Honeybees have taken up residence at the König + Neurath factory.
The two beehives are tended by our former colleague Jürgen Uebel, who has been a beekeeper for many years. He took on 20 beehives that used to belong to his father-in-law. Although plenty of new bee colonies have populated the hives over the years, he still keeps, rears and raises them on the meadows surrounding Karben – producing top-quality honey in the process.
Mr Uebel, why do we need bees?
We need bees to pollinate our trees, meadows and fields. Domestic bees are more effective pollinators than wild ones. They are a peaceful and efficient variety of their wild cousins, who live in small groups or individually. If you have a roller blind casing, a wild bee might sometimes move in – unfortunately their habitats and nesting places are becoming increasingly scarce.
Are the bees happy living on our premises?
You can’t tell whether bees are happy. However you can see that they have enough food by the fact that the queen lays enough eggs. Bees have a flight radius of around 1.5 kilometres, which means they cover a distance of up to three kilometres when searching for something to eat. They fly to wherever the food is most plentiful. To ensure that they can safely do this, I sometimes ask farmers to try and spray in the evenings when my bees are back at the hive.
Can anyone become a beekeeper?
Yes, theoretically they can. But in practice, beekeeping is a trade that has to be learned. You can take a course for instance at the Institute of Beekeeping, and even qualify as a master of beekeeping or gain an engineering diploma in this field. Beekeepers like me also train beekeepers. Unfortunately not many of the new beekeepers starting today stick at the job. Beekeeping is a lot of work.
How healthy is honey?
Honey is a natural product. If you buy a German honey produced in accordance with the “Honigverordnung” or honey directive (which is like the German Purity Laws for brewing beer), you are purchasing a pure product that has only been stirred and not altered in any way. Honey contains antioxidants and can be used for wound-healing thanks to its antibacterial and anti-inflammatory properties. Regional honey is good for allergy sufferers because it contains small amounts of flower pollen: when they eat this honey it trains the immune system, which has a similar effect to desensitisation.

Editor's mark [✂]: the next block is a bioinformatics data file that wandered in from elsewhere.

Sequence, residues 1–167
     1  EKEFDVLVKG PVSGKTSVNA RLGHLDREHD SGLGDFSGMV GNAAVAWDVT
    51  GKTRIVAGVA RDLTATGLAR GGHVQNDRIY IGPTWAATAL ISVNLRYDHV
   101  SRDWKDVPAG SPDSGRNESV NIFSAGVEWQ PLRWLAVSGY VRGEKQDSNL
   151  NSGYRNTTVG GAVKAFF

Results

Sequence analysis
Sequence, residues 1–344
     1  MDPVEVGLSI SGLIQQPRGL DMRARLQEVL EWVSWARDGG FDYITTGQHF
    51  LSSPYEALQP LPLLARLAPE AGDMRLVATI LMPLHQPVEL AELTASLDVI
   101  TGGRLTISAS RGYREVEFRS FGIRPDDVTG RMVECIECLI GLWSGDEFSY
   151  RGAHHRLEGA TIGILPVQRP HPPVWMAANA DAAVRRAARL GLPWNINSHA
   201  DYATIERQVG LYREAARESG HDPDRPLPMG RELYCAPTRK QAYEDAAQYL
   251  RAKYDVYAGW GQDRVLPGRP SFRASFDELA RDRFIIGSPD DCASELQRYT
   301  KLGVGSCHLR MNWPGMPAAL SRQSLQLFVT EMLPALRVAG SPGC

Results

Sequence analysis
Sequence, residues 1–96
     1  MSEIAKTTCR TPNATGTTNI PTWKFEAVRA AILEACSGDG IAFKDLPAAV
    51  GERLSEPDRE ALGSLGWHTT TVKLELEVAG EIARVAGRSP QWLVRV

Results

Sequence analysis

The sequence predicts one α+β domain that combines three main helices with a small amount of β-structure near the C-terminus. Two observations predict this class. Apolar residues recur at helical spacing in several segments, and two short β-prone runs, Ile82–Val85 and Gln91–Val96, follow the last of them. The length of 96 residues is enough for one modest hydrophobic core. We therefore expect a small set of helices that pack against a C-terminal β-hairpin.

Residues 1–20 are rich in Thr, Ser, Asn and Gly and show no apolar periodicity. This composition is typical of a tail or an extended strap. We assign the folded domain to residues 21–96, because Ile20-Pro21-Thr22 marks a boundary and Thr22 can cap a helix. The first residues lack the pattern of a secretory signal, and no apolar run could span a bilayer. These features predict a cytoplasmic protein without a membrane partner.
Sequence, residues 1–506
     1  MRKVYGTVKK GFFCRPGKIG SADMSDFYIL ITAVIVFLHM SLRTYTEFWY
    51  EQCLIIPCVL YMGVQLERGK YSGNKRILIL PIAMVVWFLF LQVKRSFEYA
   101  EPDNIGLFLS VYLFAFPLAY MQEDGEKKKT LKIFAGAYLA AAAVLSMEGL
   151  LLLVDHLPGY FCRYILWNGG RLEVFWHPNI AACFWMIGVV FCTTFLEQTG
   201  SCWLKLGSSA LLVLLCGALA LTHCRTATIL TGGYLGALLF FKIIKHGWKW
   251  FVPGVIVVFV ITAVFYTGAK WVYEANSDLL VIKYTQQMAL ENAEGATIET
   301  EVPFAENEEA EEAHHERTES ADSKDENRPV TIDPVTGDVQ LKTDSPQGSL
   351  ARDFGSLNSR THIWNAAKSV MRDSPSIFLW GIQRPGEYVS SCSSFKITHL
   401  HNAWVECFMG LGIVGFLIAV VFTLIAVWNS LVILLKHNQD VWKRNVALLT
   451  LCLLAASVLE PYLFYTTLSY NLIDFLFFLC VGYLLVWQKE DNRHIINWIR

Why should we opt for local honey?
Honey that’s made in Germany with the “Imkerbund” beekeepers’ association label is produced in accordance with the honey directive. You only get that in Germany. Our honey is only stirred. If you buy industrially processed honey from abroad, you have to assume that it has been heated to high temperatures to ensure that it remains liquid. This process destroys many of the beneficial ingredients. The other thing is that any product without the “Imkerbund” label may be contaminated with up to 90% toxic substances. That’s why Gerti König has been buying her honey from me for years.
Is there good and not so good honey?
German honey that is made according to the honey directive is premium quality. In the USA and China for example they practise forced pollination. This industry no longer has pure varieties, everything tastes the same. The bees die off during pollination, for which they are driven around the country. Also the honey is extremely impure and contaminated. Other beekeepers in Germany talk to farmers like I do and come to an agreement so that our bees and the quality of our honey are not at risk. It’s easy to talk to each other, working together is paramount!
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